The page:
Pharmacology and the Treatment of Complicated Skin and Skin-Structure Infections

Published - Written by Daniela Lamas

Treating skin and soft tissue infections isn’t the most glamorous job in medicine. But as these infections – ranging from cellulitis to abscess and often accompanied by fever and other signs of systemic illness – lead to nearly 900,000 hospital admissions annually, it’s an essential one. And with the emergence of strains of methicillin-resistant Staphylococcus aureus (MRSA) in the community in recent years, coupled with toxicity and inconvenience of existing antibiotic options – many of which require twice-daily intravenous dosing, such as with vancomycin – there’s a real need for new therapies.

Two recent articles in NEJM offer hopeful news about a potentially less burdensome course of treatment for the estimated 15 million skin and soft tissue infections that occur yearly in the US.

Both studies test drugs whose mechanism of action is similar to vancomyin – the current go-to in our therapeutic armamentarium for skin and soft tissue infection. These semisynthetic antibiotics, called dalbavancin and oritavancin, do their job by blocking steps in how gram-positive bacteria like staph create their cell walls. Because the drugs have a longer half-life allowing  for weekly+ dosing, they could be a desirable option for patients and providers who would no longer be saddled with twice daily dosing of an intravenous antibiotic.

But do they work as well as our mainstays of treatment? To address that question, Dr. Boucher and colleagues enrolled more than 1200 patients with cellulitis, a major abscess or wound infection associated with erythema and drainage or swelling, along with at least one systemic sign of infection such as a fever or elevated white blood cell count. These patients received either three days of intravenous vancomycin followed by oral linezolid for 10 to 14 days, or the study drug – dalbavancin – given as one IV infusion on day one and then again on day eight. Overall, patients randomly assigned to dalbavancin were just as likely to see a response in their cellulitis to those who received the daily intravenous dosing of vancomycin and a week of daily pills.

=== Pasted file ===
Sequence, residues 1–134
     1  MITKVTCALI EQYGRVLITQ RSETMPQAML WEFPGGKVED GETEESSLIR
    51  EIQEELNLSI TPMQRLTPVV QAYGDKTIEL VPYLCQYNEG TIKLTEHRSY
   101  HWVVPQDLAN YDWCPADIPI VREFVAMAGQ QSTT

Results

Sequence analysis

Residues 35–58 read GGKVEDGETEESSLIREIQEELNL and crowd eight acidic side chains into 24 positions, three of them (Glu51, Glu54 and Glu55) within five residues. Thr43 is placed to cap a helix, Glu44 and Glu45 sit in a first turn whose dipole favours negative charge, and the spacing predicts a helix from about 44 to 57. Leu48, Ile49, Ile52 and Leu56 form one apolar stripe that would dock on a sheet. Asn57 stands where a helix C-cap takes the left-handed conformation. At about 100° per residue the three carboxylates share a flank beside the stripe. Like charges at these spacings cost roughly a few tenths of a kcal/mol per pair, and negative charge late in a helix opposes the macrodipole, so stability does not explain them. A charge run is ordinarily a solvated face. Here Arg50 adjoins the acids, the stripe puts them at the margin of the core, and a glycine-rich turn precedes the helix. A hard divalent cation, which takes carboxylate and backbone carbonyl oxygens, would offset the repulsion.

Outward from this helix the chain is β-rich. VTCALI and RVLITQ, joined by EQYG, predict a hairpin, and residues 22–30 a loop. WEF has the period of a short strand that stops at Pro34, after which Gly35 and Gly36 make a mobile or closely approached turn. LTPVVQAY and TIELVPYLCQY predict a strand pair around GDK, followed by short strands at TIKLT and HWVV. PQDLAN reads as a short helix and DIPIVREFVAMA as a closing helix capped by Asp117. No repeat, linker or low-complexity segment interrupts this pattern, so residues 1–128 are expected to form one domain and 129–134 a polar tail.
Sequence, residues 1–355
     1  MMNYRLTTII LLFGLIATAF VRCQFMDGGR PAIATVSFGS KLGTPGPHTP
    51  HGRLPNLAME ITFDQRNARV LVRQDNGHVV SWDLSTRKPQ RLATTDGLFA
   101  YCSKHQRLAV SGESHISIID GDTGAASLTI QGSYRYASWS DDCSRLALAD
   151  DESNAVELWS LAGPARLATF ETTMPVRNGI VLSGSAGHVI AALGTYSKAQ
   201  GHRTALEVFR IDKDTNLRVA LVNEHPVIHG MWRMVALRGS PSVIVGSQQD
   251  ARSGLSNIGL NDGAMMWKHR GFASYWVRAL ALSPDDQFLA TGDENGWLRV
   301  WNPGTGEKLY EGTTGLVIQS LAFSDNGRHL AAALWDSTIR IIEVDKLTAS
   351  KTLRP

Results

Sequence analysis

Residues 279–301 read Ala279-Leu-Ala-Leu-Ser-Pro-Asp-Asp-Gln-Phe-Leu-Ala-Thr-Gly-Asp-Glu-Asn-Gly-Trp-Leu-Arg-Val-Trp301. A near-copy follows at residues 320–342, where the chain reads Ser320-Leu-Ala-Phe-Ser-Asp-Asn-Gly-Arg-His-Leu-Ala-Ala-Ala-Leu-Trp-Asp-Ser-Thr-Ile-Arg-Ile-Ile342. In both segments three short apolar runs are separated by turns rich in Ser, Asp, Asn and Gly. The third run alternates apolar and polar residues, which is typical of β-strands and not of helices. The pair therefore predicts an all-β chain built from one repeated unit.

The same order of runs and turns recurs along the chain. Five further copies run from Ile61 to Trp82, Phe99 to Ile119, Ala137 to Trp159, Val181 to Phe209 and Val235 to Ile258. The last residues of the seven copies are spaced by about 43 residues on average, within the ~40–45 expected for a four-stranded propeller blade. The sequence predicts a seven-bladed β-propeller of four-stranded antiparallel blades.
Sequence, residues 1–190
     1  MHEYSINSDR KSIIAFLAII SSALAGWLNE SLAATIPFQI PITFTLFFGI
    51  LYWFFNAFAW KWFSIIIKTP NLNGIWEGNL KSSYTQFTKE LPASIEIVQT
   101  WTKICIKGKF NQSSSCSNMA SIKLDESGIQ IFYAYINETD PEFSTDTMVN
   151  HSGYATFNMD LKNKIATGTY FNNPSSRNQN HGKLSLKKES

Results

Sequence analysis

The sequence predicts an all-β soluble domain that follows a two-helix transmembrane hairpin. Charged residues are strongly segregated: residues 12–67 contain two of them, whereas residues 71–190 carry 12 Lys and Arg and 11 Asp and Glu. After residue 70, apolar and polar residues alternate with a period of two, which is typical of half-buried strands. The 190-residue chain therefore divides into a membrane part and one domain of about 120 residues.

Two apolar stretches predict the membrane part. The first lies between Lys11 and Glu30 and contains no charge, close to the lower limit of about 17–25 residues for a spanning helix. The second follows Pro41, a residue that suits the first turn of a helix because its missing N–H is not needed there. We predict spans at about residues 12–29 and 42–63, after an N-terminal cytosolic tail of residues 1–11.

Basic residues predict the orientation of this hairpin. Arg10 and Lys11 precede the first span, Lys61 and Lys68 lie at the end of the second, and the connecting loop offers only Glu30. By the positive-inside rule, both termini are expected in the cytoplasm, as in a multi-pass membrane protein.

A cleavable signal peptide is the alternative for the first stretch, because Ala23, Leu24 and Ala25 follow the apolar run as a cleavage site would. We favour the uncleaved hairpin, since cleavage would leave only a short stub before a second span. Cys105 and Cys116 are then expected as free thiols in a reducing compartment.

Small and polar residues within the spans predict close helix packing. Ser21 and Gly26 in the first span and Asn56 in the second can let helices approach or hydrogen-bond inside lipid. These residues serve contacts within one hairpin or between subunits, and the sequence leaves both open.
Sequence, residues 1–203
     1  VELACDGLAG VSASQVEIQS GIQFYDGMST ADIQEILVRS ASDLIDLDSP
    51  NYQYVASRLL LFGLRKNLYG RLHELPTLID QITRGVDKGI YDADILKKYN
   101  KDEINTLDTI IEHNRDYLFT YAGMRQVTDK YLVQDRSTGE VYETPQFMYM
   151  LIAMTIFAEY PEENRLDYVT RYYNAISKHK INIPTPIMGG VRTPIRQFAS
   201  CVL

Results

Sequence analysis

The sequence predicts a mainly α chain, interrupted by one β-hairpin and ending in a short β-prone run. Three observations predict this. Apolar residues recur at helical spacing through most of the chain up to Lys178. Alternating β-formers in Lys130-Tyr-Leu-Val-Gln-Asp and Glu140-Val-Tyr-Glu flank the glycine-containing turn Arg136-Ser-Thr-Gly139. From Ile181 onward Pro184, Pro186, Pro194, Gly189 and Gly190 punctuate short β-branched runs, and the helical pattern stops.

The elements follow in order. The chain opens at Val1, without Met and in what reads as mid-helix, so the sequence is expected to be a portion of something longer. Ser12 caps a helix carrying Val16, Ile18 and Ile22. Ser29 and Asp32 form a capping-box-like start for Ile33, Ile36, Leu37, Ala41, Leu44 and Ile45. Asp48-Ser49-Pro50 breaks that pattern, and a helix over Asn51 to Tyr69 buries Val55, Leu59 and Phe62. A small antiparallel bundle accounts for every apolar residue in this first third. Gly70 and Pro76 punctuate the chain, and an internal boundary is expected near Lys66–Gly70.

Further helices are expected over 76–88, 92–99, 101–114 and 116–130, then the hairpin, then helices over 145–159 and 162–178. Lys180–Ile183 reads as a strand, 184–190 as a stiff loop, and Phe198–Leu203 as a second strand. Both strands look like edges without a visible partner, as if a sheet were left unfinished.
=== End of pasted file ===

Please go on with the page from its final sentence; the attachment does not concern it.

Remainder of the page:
An accompanying paper describes similar results with the drug oritavancin. In this study, led by Dr. Corey and colleagues, nearly 1,000 patients with cellulitis, abscess or wound infection received either oritavancin in a single dose, or 7 to 10 days of IV vancomycin given twice daily. Once again, those who received the single dose drug were just as likely for their infection to decrease in size in the first few days and to regress fully after the course of treatment.

While these results are promising, it’s not time to say goodbye to vancomycin for skin and soft tissue infections just yet, writes Dr. Henry Chambers, who heads the Division of Infectious Diseases at University of California in San Francisco, in an accompanying editorial.  He notes that both studies were non-inferiority trials, which allow us to conclude that the drugs aren’t significantly worse than vancomycin, but don’t prove that they are more effective. While no safety concerns were identified during the period of study monitoring, the studies assessed only a small number of patients and the medication effects may linger so we don’t know whether they could cause unforeseen reactions weeks or months after administration. Furthermore, the studies do not address how these drugs might work for patients with more severe staph infections such as pneumonia, infections of bones or joints, or infections of the heart valve.

These are key questions to answer, he writes, as these long-acting antibiotics could “profoundly impact how these infections are managed by reducing or in some cases eliminating costs and risks of hospitalization.”

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